A poll here at ProSoundWeb a while back asked, “The one thing I’d like to see the return of, or at least more of, in sound reinforcement is…”
Response choices included tube electronics, rotary faders, loud/distorted audio, wired-only microphones, and wedges only (no IEM).
Oh, and the winner: None of the Above, which garnered almost 50 percent of the vote.
Number two was tube electronics getting more than 20 percent, with number three being wired-only mics at about 15 percent.
I was a bit surprised at the result, given the deluge of times over the years I’ve heard seasoned audio professionals fondly remembering the “good old days.”
Yet I suspect the real reason(s) behind this response are quite a bit more complex.
Obviously, technology “back then” was not nearly as advanced as it is now, but decades ago, exceptional results in both sound reinforcement and recording were attained regularly.
It was often just a tougher proposition, with the people doing the work figuring out techniques, working to maximize everything they had, and improvising when things went wrong.
There’s a lot of satisfaction in that type of endeavor, and also a lot of fun, even when the situation doesn’t go quite as planned.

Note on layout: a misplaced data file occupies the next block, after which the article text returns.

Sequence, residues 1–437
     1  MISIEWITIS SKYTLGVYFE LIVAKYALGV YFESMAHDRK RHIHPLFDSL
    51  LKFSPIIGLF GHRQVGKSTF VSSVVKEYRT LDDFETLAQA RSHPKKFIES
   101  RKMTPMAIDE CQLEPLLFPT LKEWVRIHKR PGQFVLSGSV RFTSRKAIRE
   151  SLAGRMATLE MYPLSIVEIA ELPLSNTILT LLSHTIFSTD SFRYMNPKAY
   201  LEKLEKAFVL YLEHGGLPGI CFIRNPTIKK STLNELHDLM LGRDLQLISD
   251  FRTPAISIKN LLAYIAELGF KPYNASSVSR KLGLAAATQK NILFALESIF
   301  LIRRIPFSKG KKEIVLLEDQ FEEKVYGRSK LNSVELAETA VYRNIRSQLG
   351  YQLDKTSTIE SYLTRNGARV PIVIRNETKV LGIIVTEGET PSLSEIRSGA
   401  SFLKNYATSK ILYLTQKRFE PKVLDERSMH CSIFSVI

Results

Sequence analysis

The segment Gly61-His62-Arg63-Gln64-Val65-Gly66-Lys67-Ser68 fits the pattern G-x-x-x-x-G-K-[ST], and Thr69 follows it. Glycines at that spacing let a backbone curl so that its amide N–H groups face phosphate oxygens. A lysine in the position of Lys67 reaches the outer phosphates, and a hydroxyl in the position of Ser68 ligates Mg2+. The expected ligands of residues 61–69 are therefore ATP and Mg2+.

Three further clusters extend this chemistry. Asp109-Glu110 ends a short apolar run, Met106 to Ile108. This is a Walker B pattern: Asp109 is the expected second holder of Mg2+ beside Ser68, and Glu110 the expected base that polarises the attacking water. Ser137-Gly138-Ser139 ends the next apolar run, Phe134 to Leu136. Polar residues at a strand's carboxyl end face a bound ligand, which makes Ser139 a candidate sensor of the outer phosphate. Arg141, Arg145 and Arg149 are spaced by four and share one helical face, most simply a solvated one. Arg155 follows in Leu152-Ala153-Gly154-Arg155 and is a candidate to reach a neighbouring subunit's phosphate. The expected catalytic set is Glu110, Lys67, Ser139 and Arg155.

Now, on the other hand, there are so many proven techniques, as well as proven tools readily available to a lot of audio professionals, of exceptional quality and reliability and from so many sources, that some of the crazier (and unknown and uncertain) stuff has been taken out of the equation. (And keeping in mind, of course, that in the wrong hands, a million dollar system can sound worse than two soup cans linked by a string, but I digress…)
So while some might say “tubes sound better” and the wireless/RF picture has been a tad rocky of late – and overall, the good old days may hold a lot of warm memories – there’s much to be said for the hard-earned techniques and technology of the current age. And this is reflected in the poll result.